Behind a mess of trees, down a long driveway in Mt. Barker, South Australia — at least 50km from the ocean — sits a little wooden boat on a trailer that is now the stuff of legend. It crossed Bass Strait in 60 knot gales to be a star arrival at Hobart’s internationally renowned wooden boat festival, and this feat was the talk of the New York Yacht Club.
As a consequence, in the cluttered shed behind this modest seven-metre flat bottomed boat, Robert Ayliffe sits amid a flurry of boat plans and papers, taking an increasing trickle of orders from around the world for kits to construct the very same type of boat.
Robert is acknowledged as a world expert in Norwalk Island Sharpies, an American working boat that has been redesigned as a pleasure sailing craft. Robert describes his role as being like an architect positioned between the builder and the owner.
He tweaks the original plan from American designer Bruce Kirby, facilitates the kits — which can be sent overseas three weeks after being ordered — and remains in contact with individual builders to help them through troubles, which in turn helps Robert learn how to keep improving the kit instructions. He is even building a boat for one client with the intention of photographing each step to create a book that can be used as a step-by-step illustrated building manual.
This small wooden craft, assembled without screws or nails, has a reputation for durability, safety and reliability in all waters. And, after 20 years working with Sharpies, Robert decided to put to the first boat he built to the ultimate test by sailing with navigator Ian Phillips across the dreaded Bass Strait, between Victoria and Tasmania.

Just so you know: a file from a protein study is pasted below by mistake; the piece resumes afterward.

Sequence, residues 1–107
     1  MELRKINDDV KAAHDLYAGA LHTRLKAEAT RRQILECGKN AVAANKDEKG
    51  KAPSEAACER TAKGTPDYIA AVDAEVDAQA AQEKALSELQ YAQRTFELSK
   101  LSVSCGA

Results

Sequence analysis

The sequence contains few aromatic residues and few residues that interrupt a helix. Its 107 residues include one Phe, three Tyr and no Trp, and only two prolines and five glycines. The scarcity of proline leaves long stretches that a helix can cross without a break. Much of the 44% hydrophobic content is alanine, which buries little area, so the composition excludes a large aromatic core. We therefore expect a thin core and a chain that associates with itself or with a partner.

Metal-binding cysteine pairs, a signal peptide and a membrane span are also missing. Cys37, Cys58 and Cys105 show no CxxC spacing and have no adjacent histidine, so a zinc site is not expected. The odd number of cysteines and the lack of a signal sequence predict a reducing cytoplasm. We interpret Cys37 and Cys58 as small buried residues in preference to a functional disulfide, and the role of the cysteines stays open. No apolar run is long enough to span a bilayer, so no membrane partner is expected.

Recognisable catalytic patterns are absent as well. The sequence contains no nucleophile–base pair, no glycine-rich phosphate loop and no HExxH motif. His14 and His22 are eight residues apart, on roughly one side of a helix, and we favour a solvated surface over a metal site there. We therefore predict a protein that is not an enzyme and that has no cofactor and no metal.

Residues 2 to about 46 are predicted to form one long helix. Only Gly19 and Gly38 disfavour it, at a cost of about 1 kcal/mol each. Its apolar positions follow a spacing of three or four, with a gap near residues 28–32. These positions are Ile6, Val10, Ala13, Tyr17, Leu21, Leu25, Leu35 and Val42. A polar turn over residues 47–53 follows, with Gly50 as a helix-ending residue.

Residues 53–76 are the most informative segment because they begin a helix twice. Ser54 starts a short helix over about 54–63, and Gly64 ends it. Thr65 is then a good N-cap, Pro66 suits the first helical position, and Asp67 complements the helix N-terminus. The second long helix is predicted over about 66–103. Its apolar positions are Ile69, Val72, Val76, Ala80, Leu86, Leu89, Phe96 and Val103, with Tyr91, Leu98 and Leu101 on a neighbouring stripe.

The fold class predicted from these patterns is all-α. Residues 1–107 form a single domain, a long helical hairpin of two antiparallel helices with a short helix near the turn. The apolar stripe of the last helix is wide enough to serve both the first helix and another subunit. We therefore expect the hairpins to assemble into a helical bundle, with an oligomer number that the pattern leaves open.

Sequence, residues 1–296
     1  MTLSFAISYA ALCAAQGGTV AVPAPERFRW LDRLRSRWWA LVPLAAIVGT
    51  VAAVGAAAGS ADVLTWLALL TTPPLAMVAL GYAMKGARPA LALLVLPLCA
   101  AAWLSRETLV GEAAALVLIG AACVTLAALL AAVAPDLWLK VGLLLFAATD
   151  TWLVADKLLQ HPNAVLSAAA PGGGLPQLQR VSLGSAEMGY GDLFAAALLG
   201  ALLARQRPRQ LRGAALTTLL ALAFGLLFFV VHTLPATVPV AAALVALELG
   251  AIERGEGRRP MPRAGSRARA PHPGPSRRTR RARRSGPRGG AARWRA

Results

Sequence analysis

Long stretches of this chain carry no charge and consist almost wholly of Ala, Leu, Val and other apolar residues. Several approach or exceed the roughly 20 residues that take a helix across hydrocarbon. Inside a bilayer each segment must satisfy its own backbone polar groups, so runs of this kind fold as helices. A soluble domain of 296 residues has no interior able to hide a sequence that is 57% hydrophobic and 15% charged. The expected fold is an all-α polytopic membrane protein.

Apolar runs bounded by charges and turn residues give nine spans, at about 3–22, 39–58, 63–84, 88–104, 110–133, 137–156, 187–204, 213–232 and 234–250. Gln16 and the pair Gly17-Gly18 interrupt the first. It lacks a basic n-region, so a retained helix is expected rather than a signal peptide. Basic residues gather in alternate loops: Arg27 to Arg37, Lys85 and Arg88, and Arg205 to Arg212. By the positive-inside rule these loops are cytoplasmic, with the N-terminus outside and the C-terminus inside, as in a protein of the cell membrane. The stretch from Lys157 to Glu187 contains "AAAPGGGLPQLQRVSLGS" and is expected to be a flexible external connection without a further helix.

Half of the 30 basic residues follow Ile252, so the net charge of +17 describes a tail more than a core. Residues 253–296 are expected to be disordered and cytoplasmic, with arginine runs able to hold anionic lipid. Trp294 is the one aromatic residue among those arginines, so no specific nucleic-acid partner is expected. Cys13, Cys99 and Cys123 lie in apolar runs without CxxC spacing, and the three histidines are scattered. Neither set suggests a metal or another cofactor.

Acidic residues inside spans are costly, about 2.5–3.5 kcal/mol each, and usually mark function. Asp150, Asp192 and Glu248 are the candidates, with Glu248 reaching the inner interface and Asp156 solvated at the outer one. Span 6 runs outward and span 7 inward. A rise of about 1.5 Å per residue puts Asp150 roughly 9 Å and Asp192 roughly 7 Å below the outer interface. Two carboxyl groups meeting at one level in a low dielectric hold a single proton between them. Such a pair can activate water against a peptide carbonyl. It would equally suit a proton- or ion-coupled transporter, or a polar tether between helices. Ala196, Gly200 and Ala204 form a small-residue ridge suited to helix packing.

“I can’t say there wasn’t moments of fear attached to what we were doing, though we were absolutely safe every step of the way,” says 62-year-old Robert.
“The purpose was to show just how good these boats are; we certainly didn’t intend to run it through four storms, but that just proved our point. Until now, it was theoretically durable and safe in all waters; now its reputation is confirmed.”
The crossing became the talk of the Hobart docks during the festival, crowded with wooden boat enthusiasts from around the world. It pulled sharp focus onto Robert’s kit boat business located far from any significant body of sailing water. “Yep, in Mt Barker,” he says with a grin and a disbelieving shake of the head. “Anything’s possible if you persevere long enough.”
Robert was smitten by the sea as a teenager growing up on Kangaroo Island in South Australia, diving for abalone in school holidays with island ferry pioneer Peter March off the treacherous south coast.
He went into a long career of teaching, but finally turned a lifelong maritime passion into an occupation 21 years ago when he left his job at Mt Barker High School (teaching English and art, and building boats after school with a few students) and started the Duck Flat wooden boat building company. Four years ago he left that partnership to concentrate on several specific kit designs, rather than deal with the minutia of manufacturing. And the staple of his interest is the Norwalk Island Sharpies.
“There’s something primal about the appeal of a wooden boat,” Robert says. “It draws a degree of awe from people. At a boat festival they have to touch it, knock it, to inspect whether it’s well made. It’s the craft that piques their interest.”
An erudite man, Robert considers his link in the continuum of wooden boat building with deep contemplation, quoting John Steinbeck and offering biblical references to illustrate his respect for the history of the craft. It’s no surprise that he is also a columnist for the United States-based Wooden Boat magazine and other specialist nautical publications.